Happy 90th Birthday, Newbery Medal!

Ninety years ago this month, a hallmark in children’s literature was born: the first Newbery Medal was awarded on June 27th, 1922.

The Newbery Medal is awarded annually by the American Library Association to the year’s most distinguished American children’s book. Its namesake is John Newbery, an Englishman born in 1713 who is credited as the first publisher and seller of children’s books. Mr. Newbery published many books from his London bookshop, The Bible and Sun, including A Little Pretty Pocket-Book in 1744 and the bestselling The History of Little Goody-Two Shoes in 1765.

Title page of “A Pretty Little Pocket Book”

If a book you authored were awarded the Newbery Medal, you would receive the distinct honor of having a Newbery Medal engraved with your name. The medal of bronze was designed in 1921 by American sculptor René Paul Chambellan and depicts a man presenting a book to a boy and a girl.

The Newbery Medal

A complete list of Newbery Medal winners can be found here. My personal favorites are the 1979 winner The Westing Game, a mystery starring a comical and colorful cast of characters, and the 1986 winner Sarah, Plain and Tall, an idyllic novelette that is startlingly moving for its simplicity in exploring weighty themes of love, loss, and longing.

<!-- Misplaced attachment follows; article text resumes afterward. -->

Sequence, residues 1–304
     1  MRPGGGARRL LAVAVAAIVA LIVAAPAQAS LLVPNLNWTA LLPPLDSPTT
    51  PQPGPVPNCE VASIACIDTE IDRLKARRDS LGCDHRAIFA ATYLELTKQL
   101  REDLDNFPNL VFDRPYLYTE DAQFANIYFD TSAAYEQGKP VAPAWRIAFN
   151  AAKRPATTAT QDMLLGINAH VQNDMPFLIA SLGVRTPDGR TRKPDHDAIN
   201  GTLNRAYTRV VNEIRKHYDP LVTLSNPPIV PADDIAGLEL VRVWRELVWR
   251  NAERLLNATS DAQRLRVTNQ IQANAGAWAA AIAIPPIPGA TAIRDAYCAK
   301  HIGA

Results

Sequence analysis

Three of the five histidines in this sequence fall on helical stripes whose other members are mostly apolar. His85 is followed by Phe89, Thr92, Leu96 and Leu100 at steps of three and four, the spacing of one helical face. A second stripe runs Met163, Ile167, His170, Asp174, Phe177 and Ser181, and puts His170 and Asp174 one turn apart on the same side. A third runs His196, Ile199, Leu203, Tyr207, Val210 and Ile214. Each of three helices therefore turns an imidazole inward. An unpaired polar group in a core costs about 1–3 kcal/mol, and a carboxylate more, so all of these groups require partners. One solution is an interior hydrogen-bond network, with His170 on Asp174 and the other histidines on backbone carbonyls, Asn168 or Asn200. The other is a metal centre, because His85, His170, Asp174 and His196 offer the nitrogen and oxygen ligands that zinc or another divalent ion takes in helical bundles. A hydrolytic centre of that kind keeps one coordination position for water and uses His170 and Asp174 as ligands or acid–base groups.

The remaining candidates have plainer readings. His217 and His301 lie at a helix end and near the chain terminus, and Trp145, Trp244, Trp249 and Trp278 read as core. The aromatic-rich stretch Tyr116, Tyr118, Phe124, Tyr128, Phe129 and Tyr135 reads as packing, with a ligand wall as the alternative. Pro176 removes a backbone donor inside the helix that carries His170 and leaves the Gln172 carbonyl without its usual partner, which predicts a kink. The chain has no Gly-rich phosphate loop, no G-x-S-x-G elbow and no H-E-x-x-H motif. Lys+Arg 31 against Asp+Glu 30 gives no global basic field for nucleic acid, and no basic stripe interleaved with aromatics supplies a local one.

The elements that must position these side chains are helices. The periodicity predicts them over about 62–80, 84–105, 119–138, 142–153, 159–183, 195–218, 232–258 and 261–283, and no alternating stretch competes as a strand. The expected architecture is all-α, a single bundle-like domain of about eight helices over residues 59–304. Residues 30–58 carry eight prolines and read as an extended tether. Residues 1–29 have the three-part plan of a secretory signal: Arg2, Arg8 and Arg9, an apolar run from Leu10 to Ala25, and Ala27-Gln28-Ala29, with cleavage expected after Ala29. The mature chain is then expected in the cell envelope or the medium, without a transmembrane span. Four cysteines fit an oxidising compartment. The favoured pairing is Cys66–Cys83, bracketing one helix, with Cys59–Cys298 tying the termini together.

Children’s books are not only for children! Whether you are 8 or 80, you will do yourself a favor by opening these Newbery Medal winners and allowing them to captivate you with their wonderful captivating powers. You can find the library’s Newbery Medal collection at the entrance to the children’s room.

Advertisements

Leave a Reply

Fill in your details below or click an icon to log in:

WordPress.com Logo

You are commenting using your WordPress.com account. Log Out / Change )

Twitter picture

You are commenting using your Twitter account. Log Out / Change )

Facebook photo

You are commenting using your Facebook account. Log Out / Change )

Google+ photo

You are commenting using your Google+ account. Log Out / Change )

Connecting to %s